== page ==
But in relation to what is important to the Royal Comission, Deborah JUDGED in Israel. She made judgement calls, whether an Israelite had to be punished or not... She just wasn't a warrior.

  • blondie

    How was it that Deborah was sought out as a "judge" but not her husband (she was married you know) her scriptural head?

    Barak would not go without Deborah, so the victory was really hers or more exactly a woman's named Jael.

    (Judges 4:8-10) 8 At this Barak said to her: “If you will go with me, I also shall certainly go; but if you will not go with me, I shall not go.” 9 To this she said: “Without fail I shall go with you. Just the same, the beautifying thing will not become yours on the way that you are going, for it will be into the hand of a woman that Jehovah will sell Sise·ra.” With that Debo·rah got up and went with Barak to Kedesh. 10 And Barak began to call Zebu·lun and Naphta·li together to Kedesh, and ten thousand men went on up following his steps; and Debo·rah went on up with him.

    Huldah was a prophet chosen out of many other prophets of her time.

    *** w02 12/15 p. 22 Are You Acquainted With Shaphan and His Family? ***Huldah—An Influential Prophetess

    Upon hearing the reading of “the very book of the law” found in the temple, King Josiah ordered Shaphan and four other high-ranking officials to “inquire of Jehovah” about the book. (2 Kings 22:8-20) Where could the delegation find the answer? Jeremiah and possibly Nahum and Zephaniah, all prophets and Bible writers, lived in Judah at the time. The delegation, however, approached Huldah the prophetess.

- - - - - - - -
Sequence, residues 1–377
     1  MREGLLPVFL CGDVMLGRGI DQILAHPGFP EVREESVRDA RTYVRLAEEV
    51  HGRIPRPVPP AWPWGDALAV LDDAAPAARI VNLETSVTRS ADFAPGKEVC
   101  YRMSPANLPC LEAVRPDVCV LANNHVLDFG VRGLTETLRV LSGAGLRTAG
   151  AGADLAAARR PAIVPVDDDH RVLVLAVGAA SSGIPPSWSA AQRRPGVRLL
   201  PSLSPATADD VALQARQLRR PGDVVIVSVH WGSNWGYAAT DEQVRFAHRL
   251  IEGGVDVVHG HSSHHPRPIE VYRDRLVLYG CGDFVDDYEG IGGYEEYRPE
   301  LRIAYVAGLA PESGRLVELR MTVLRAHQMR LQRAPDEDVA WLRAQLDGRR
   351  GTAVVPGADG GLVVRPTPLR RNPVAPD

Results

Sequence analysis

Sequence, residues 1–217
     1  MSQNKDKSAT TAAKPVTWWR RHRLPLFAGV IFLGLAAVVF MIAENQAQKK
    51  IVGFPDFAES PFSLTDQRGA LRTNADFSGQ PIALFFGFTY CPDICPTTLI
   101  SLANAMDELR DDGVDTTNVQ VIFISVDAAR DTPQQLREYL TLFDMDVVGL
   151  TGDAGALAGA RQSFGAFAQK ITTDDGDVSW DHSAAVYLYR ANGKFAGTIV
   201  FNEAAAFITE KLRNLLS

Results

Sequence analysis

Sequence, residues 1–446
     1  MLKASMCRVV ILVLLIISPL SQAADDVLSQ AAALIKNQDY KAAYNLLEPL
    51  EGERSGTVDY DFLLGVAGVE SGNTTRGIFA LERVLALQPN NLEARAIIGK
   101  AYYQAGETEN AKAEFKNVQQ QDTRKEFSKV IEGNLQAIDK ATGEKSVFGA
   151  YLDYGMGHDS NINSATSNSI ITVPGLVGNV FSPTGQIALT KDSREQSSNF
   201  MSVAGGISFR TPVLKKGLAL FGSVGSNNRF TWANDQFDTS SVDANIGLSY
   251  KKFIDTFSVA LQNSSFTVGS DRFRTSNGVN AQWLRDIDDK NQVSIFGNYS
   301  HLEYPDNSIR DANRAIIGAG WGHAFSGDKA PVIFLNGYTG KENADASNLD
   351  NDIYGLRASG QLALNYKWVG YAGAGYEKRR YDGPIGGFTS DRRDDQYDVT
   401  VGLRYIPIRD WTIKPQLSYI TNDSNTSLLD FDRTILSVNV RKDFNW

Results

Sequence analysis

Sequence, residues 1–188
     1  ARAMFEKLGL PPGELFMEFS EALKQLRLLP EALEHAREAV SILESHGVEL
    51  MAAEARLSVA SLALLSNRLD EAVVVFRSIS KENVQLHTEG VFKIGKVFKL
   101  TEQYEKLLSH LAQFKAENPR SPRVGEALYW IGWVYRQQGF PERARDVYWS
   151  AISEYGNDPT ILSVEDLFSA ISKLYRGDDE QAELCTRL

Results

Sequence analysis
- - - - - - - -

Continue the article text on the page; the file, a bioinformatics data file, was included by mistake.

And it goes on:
The book Jerusalem—An Archaeological Biography comments: “The remarkable thing about this episode is that the male-female aspect of the story was completely unremarked. No one considered it the least bit inappropriate that an all-male committee took the Scroll of the Law to a woman to determine its status. When she declared it the word of the Lord, no one questioned her authority to determine the issue. This episode is often overlooked by scholars assessing the role of women in ancient Israel.” Of course, the message received was from Jehovah.

  • ILoveTTATT2

    NICE quote Blondie!

    They really ignore what they want and use what they want to make their "case".

    Misogyny has been a staple of the Watchtower since its beginning.

  • defender of truth
    defender of truth
    Debʹo·rah is a prophetess. Jehovah gives her information about the future, and then she tells the people what Jehovah says. Debʹo·rah is also a judge. She sits under a certain palm tree in the hill country, and people come to her to get help with their problems.


  • defender of truth
    defender of truth
    ^^ I sent the above quote to the Royal Commission. Maybe they can use it in the future ;)
  • JustVisting
    Deborah was a mediator Judge.
  • Splash

    There were 12 judges in Israel, and Heb 11:32 only mentions four of these.
    In mentioning these four, Heb 11:32 adds Samuel and David to the list, "and the [other] prophets".

    Heb 11:32 is not a list of judges, it is a sample list of faithful men who, if you continue to read verses 33 and 34 "who through faith..." demonstrated many achievements.

    To say that Deborah cannot be classed as a judge because of Heb 11:32 is to misunderstand what Heb 11:32 is saying, and might as well be used to argue that there were actually only four judges.

    The scriptures are clear, Deborah is called a judge more than once and Barak is never given that title.

    The WT do not follow the Bible but interpret according to their own whim and tradition. This is just one more example of a corrupt teaching where they claim to know better than the Word of God.

    *** w77 12/1 p. 723 par. 24 Is Your Advice Hard to Take? ***
    "We should never twist texts to serve our own purpose, as Satan did."

  • sir82
    Another one: "lying" is not lying if the person you are speaking to "is not entitled to the truth".